Front-drive vehicles, many all-wheel-drive vehicles and some rear-drive vehicles have constant-velocity joints that connect the transmission to the drive axles and wheels. A front-drive vehicle will have four CV joints, each covered by a boot.
CV joints are covered by rubber or plastic boots that keep the joints lubricated and prevent dirt and water from getting in. If a boot tears, grease can leak out and moisture and dirt can get in. If left unattended, it’s only a matter of time before the joint fails from lack of lubrication or corrosion. When that happens, the whole axle may need to be replaced.
Drive axle boots often last the life of a vehicle and are not listed among items that need periodic replacement. They should, however, be inspected at least once a year, or more often on high-mileage vehicles or ones that see what manufacturers describe as “severe” service, such as off-road use or driving-industry conditions.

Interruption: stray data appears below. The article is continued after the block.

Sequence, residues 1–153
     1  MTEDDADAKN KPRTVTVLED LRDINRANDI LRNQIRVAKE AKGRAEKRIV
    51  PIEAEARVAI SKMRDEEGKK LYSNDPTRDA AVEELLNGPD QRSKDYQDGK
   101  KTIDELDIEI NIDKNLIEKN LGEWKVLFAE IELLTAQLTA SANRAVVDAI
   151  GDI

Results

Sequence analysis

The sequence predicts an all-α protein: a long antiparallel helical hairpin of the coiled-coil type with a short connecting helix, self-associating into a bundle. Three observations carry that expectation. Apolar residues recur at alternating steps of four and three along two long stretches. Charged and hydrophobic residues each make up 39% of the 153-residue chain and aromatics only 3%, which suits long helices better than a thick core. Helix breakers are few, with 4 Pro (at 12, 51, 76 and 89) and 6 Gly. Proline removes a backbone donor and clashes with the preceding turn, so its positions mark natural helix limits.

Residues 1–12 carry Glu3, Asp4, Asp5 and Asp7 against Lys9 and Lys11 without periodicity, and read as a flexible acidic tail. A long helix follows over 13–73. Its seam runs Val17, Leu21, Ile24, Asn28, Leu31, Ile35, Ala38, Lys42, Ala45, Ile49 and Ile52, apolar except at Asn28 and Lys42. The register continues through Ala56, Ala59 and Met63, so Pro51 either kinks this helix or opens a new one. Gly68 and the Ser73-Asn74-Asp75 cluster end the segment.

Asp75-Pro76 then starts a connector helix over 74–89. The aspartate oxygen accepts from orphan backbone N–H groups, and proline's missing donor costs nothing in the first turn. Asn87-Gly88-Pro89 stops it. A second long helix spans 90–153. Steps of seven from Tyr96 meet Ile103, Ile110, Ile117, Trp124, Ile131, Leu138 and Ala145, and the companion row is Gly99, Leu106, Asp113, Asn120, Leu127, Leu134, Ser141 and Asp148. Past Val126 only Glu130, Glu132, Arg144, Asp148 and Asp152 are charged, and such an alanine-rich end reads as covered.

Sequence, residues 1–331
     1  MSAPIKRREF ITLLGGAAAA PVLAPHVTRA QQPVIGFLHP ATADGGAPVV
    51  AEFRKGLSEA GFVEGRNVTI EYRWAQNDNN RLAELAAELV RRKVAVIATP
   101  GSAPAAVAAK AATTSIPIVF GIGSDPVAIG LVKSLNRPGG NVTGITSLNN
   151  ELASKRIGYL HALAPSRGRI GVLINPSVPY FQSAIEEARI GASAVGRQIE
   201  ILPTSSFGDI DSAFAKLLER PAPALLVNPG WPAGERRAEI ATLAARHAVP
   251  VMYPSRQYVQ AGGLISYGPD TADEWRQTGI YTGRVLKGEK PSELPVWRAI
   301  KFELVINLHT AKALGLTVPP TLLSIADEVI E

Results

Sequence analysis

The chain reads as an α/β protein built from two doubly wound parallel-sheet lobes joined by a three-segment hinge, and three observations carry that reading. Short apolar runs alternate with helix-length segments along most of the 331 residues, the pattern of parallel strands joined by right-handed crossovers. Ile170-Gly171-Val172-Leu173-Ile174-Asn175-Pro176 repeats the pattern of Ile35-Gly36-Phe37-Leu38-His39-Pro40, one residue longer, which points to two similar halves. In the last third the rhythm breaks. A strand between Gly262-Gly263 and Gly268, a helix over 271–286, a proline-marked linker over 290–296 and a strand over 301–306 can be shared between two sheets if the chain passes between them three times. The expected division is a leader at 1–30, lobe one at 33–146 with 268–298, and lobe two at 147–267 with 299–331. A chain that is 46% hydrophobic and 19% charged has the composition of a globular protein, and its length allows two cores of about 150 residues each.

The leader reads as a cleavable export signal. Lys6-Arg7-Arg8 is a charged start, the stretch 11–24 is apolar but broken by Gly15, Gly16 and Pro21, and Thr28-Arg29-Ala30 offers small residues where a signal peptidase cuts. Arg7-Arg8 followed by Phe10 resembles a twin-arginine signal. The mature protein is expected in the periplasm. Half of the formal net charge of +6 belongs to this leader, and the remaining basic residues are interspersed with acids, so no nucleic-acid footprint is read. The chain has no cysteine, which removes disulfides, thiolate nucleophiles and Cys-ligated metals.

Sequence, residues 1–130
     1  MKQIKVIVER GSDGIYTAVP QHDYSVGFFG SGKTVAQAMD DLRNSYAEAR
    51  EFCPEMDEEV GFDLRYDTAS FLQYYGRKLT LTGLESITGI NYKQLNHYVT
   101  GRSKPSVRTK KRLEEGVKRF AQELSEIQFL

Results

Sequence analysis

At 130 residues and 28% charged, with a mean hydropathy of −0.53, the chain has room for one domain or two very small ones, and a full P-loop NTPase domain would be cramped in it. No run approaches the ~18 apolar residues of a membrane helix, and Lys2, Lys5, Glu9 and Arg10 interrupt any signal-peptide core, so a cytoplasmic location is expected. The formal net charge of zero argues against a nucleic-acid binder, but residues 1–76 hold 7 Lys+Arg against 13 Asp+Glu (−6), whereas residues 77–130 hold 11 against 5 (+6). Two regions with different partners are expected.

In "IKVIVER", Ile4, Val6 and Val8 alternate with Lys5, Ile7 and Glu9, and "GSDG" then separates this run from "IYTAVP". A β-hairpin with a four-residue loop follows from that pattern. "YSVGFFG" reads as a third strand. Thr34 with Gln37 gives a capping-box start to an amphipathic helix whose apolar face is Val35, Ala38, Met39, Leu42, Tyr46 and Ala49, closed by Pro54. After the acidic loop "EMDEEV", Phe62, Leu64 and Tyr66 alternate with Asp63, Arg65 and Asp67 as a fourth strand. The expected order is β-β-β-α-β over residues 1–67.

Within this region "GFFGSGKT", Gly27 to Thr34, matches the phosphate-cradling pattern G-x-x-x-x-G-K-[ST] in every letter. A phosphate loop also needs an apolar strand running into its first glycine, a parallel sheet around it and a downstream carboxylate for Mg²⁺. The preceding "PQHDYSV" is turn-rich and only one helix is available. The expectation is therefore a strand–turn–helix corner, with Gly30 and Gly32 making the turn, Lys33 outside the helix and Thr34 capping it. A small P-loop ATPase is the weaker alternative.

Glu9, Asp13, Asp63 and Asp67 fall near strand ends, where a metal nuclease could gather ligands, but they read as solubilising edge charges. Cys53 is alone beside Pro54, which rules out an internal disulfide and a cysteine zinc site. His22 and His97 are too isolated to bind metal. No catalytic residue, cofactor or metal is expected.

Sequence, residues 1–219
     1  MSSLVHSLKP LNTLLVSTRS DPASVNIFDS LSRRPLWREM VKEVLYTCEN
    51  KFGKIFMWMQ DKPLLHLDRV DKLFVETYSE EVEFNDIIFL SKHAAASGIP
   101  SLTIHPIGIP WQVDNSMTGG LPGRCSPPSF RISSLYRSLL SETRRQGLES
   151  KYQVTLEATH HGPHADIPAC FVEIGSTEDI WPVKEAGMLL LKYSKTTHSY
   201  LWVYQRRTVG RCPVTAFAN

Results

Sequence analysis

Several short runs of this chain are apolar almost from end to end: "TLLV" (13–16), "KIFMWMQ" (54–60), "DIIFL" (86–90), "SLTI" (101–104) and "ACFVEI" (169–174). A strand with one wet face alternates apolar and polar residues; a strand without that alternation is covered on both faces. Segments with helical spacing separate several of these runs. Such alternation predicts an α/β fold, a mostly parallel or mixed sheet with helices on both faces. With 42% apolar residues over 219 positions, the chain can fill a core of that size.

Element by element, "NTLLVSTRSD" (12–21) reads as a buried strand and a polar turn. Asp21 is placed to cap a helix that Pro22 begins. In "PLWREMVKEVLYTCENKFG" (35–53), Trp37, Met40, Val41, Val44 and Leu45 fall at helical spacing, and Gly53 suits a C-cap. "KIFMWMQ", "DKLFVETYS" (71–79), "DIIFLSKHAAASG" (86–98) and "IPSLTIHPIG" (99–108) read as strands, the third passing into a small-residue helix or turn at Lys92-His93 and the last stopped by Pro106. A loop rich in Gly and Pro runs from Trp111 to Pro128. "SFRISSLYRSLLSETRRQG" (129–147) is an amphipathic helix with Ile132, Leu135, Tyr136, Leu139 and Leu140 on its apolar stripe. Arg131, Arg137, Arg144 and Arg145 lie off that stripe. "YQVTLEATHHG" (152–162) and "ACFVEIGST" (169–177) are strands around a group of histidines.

If a small tear is caught early, it may require only the relatively minor repair of replacing the boot and adding fresh grease instead of more major surgery. Many repair shops, though, will recommend replacing the entire axle if a boot is torn because there may be unseen damage to the CV joints and axle shafts that could result in other problems.
Outer boots (the ones closest to a wheel) are more prone to tears than inner boots. One indication of a torn boot is grease spots under the front axle or grease splattered on or around the inward-facing side of a wheel. Among the indications that a CV joint or drive axle has been damaged is a clicking or popping noise when turning, or vibrations at highway speeds.